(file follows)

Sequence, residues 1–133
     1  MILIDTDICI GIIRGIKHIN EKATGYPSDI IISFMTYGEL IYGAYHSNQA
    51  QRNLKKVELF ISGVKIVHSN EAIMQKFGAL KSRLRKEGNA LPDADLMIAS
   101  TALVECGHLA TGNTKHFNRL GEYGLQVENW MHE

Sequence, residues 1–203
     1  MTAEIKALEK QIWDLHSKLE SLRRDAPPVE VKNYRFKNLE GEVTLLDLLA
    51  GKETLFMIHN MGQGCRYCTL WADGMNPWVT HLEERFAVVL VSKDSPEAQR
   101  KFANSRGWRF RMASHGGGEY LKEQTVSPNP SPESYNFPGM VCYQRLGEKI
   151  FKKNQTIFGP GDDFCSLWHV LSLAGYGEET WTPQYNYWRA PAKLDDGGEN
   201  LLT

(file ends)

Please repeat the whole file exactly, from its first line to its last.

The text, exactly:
Sequence, residues 1–133
     1  MILIDTDICI GIIRGIKHIN EKATGYPSDI IISFMTYGEL IYGAYHSNQA
    51  QRNLKKVELF ISGVKIVHSN EAIMQKFGAL KSRLRKEGNA LPDADLMIAS
   101  TALVECGHLA TGNTKHFNRL GEYGLQVENW MHE

Sequence, residues 1–203
     1  MTAEIKALEK QIWDLHSKLE SLRRDAPPVE VKNYRFKNLE GEVTLLDLLA
    51  GKETLFMIHN MGQGCRYCTL WADGMNPWVT HLEERFAVVL VSKDSPEAQR
   101  KFANSRGWRF RMASHGGGEY LKEQTVSPNP SPESYNFPGM VCYQRLGEKI
   151  FKKNQTIFGP GDDFCSLWHV LSLAGYGEET WTPQYNYWRA PAKLDDGGEN
   201  LLT